I didn’t know what to say. When the words finally came, her mom pulled up and she reluctantly got in the car. I watched carefully as they pulled out of the theater parking lot. Two days later in school, she pretended like she hadn’t said it.

From then on, I reminded myself how lucky I was. I was damn lucky. I had a mother and father who loved me and a brother and sister who I protected. I extended a hand out to her and basically told her she could be my family too.

We let her stay the night – many nights. We took her on family vacations. She was in every family picture and every family moment for nearly three years. It wasn’t charity, it wasn’t because we felt bad, it was because we loved her like an extension of ourselves.

The shame didn’t come until junior year.

I would eat a sandwich and she would side eye me, making a comment about how bad it was. I would look in a mirror and say, “I look chubby” and she would say, “It’s okay, I do too.” She would make comments about how fat she was – she wasn’t – and then obsess over my weight. It felt like a game and I fed into it. I stopped eating. She stopped eating. We fed into each other’s worst qualities and exploited them.

She would fall back on her work, I’d let her copy every assignment.

I’d ask for one bit of help and she would silence me for a week.

I would cry in the corner of a room, she would laugh with the girl who would end up replacing.

Maybe it was petty of me, but I fell from her good graces. Every single thing I did for her fell away and I became the shell of a person that I once was. I wanted to help her, do her right by the world because no one else had put her first. I celebrated her successes; she didn’t celebrate mine. And maybe that’s because she didn’t know how to do that or what it would mean to do that.

I would’ve supported her in every decision.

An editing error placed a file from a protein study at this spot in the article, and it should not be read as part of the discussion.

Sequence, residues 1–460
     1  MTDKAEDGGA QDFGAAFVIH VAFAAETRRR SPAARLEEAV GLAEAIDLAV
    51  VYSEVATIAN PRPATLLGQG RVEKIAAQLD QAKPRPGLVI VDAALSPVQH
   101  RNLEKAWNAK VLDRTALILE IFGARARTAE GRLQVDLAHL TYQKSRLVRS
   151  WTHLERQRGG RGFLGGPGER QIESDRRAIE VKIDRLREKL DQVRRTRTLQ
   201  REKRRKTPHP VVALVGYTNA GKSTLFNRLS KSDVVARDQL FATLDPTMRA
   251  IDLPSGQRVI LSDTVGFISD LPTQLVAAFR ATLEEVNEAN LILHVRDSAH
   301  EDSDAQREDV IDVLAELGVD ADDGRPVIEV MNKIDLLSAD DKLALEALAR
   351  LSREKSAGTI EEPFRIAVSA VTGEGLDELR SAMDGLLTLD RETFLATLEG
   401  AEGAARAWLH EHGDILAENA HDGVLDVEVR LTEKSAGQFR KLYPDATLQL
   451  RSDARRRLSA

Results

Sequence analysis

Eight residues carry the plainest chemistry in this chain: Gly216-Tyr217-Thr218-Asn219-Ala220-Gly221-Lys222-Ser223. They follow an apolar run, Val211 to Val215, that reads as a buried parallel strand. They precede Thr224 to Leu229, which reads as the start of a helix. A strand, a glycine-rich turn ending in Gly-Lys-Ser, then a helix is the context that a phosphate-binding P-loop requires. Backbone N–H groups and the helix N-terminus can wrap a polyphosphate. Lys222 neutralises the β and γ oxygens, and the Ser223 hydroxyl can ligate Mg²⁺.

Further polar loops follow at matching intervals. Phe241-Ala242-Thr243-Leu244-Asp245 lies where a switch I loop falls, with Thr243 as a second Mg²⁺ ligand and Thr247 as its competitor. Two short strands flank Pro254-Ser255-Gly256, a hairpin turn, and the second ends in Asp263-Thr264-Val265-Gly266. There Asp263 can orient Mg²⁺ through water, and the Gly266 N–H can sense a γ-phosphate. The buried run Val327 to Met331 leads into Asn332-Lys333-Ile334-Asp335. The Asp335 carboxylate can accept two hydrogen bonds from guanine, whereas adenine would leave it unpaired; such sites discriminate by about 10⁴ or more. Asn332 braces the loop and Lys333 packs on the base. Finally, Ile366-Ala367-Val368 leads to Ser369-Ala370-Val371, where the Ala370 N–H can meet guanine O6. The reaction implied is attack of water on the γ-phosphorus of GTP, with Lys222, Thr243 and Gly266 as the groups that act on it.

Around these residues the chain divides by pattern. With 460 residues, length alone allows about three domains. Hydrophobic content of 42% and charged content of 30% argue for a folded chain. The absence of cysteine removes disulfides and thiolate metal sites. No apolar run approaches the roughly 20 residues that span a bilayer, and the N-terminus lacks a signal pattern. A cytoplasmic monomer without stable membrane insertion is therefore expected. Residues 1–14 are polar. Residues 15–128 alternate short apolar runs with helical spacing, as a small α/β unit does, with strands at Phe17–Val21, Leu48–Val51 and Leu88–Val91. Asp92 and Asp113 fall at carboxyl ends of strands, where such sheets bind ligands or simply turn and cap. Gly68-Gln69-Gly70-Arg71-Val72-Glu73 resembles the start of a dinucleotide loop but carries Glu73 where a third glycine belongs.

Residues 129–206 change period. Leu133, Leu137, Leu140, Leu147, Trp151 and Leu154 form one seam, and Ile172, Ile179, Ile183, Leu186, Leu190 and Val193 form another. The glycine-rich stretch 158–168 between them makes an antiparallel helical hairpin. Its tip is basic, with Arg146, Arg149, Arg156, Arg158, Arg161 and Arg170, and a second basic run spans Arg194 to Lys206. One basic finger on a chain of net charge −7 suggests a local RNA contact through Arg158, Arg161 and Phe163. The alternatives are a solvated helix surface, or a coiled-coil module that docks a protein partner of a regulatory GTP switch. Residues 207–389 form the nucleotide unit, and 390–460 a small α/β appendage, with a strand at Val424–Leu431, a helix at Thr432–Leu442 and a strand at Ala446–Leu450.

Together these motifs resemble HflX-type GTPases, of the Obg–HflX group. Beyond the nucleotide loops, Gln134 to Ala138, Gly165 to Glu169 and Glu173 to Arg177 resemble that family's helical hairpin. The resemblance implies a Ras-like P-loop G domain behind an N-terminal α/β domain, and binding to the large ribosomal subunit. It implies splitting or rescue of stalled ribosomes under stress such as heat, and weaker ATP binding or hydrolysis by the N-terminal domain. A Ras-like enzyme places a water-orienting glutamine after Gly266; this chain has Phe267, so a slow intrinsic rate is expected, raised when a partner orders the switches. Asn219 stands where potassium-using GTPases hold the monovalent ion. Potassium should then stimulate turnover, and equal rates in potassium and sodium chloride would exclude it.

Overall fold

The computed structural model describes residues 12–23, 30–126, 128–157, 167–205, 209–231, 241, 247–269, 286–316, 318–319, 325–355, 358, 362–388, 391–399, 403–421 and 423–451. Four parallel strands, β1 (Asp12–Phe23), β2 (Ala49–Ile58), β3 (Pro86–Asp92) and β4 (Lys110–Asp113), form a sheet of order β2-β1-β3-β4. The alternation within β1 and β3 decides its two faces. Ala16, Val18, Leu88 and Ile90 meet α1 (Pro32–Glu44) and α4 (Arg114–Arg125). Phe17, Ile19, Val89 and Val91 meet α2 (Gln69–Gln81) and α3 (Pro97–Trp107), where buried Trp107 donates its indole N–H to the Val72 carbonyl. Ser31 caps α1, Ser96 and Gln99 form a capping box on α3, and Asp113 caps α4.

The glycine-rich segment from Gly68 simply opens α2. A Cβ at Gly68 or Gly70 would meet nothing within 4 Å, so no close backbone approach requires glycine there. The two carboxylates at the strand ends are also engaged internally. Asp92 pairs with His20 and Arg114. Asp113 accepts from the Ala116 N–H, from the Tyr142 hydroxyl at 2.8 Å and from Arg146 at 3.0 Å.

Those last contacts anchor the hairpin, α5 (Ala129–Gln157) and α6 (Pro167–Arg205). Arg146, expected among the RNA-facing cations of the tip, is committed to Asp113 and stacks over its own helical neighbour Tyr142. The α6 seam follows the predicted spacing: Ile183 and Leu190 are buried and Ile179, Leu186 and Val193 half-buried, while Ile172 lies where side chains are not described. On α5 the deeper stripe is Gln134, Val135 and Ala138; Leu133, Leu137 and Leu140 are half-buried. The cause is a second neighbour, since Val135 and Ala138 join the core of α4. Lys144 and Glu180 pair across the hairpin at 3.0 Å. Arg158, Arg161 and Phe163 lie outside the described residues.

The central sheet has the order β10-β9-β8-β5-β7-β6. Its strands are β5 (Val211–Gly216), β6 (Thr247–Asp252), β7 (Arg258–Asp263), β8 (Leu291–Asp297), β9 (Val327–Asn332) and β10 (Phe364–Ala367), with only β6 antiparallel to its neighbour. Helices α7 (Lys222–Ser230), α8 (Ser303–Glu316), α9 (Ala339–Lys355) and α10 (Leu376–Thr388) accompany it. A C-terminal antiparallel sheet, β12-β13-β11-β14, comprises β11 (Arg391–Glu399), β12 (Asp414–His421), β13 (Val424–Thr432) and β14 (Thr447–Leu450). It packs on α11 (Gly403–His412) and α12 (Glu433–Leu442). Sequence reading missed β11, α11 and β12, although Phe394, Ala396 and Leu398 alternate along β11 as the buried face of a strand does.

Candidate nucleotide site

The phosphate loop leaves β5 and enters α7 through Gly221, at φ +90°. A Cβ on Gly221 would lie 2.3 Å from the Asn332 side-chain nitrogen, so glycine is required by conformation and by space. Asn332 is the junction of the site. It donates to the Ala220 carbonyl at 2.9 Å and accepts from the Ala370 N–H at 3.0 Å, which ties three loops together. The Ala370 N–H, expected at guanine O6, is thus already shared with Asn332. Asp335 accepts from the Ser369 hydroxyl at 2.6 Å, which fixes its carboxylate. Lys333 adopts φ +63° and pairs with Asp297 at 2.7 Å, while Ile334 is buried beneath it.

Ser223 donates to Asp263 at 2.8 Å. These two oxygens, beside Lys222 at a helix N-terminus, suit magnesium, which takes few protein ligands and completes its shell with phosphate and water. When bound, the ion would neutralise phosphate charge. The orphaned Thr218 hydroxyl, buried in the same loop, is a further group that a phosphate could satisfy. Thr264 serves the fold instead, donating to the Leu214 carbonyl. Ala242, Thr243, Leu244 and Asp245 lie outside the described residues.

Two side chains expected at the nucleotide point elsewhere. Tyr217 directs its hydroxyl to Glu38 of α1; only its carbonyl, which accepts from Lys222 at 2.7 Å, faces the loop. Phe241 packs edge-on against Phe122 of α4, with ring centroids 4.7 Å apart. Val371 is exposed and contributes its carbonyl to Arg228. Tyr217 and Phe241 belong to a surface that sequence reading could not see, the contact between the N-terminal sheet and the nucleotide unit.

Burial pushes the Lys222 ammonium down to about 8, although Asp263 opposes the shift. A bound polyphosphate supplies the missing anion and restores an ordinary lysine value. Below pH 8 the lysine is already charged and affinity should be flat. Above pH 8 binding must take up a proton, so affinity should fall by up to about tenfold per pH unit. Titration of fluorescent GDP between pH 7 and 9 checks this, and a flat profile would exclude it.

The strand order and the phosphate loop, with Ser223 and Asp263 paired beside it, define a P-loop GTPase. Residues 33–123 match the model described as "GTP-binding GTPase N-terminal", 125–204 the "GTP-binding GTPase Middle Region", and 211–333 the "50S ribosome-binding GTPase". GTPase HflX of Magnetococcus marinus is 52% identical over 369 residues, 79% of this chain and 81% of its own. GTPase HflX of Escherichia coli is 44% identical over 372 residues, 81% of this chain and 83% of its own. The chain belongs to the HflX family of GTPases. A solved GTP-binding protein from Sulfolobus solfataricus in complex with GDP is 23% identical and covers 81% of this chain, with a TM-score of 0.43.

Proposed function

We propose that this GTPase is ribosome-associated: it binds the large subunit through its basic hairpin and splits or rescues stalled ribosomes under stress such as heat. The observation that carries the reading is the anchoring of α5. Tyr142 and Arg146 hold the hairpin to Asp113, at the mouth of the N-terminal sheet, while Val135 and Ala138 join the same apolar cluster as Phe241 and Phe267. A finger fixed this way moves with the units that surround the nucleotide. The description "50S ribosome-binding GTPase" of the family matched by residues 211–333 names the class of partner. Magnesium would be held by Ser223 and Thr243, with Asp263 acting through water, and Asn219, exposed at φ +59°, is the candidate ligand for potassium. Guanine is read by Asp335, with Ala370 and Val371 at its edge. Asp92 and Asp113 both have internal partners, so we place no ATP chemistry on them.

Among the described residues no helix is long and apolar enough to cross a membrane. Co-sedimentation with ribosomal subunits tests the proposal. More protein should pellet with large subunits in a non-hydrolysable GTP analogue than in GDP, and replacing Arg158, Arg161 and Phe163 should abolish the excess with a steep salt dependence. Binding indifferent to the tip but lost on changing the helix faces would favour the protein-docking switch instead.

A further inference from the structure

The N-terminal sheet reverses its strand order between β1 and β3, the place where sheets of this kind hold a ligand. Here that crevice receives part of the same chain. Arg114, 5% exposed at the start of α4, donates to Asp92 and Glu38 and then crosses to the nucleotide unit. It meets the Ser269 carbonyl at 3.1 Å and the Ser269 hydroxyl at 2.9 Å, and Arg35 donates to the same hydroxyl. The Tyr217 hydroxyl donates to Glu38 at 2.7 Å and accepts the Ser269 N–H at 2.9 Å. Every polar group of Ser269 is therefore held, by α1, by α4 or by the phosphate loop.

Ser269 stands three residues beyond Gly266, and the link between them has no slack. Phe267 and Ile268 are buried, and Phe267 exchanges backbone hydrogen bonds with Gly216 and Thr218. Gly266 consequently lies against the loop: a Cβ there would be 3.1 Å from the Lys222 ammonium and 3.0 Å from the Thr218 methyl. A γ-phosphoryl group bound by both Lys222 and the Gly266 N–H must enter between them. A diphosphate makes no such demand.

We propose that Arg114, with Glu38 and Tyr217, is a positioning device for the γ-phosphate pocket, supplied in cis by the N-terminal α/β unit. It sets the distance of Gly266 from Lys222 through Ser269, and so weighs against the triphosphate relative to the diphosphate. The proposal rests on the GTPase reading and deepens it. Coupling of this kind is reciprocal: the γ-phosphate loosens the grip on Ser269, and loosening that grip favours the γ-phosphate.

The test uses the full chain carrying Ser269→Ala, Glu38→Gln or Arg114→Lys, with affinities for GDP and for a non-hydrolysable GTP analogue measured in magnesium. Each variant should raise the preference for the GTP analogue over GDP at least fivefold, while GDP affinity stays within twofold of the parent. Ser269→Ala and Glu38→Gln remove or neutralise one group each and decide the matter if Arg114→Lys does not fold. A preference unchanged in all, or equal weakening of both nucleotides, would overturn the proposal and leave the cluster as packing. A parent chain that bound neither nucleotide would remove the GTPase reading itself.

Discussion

I was falling apart, only living for her approval and the idea that she would be okay.

I wanted to die. I was falling apart. I was stuffing my face with diet pills and eating nearly nothing.

I was falling apart because I wanted to look like my replacement. I wanted to be in my best friend’s world. I was a puppy dog. I lived only to lift her up and not for myself. If there was something we both wanted, I would throw myself to the wayside so she could have that special moment.

We wanted to go to college together. I wanted it so badly and when I was unable to live out that dream, she shamed me for it, saying, “How could you abandon me? Why would you do that to us? I hate you.”

When I reflect on high school, I can see so perfectly why I was miserable the whole time. I only lived for her.

When it all came to fruition and I gave up on her, she had blocked me from her life.

Leaving her was the most cathartic experience.

I was so afraid of leaving her because she made it seem like she would have nothing, only she didn’t. She got into our dream school, found an old woman to pay for it, and now she is living out her best life while I lay in my dorm room unable to move most days.

There were days when I felt like I carried both of our worlds. I so desperately wanted to give her everything but I fell short.

I am still healing.

She reaches out sometimes.

I respond.

It doesn’t go further than that.

From that experience, I learned the most valuable gift.

You must be gracious in this world. Help those who need it but don’t lose yourself in the process. A savior complex is the worst kind of burden to have. It’s unfair to yourself and your potential. That was my most valuable spiritual journey.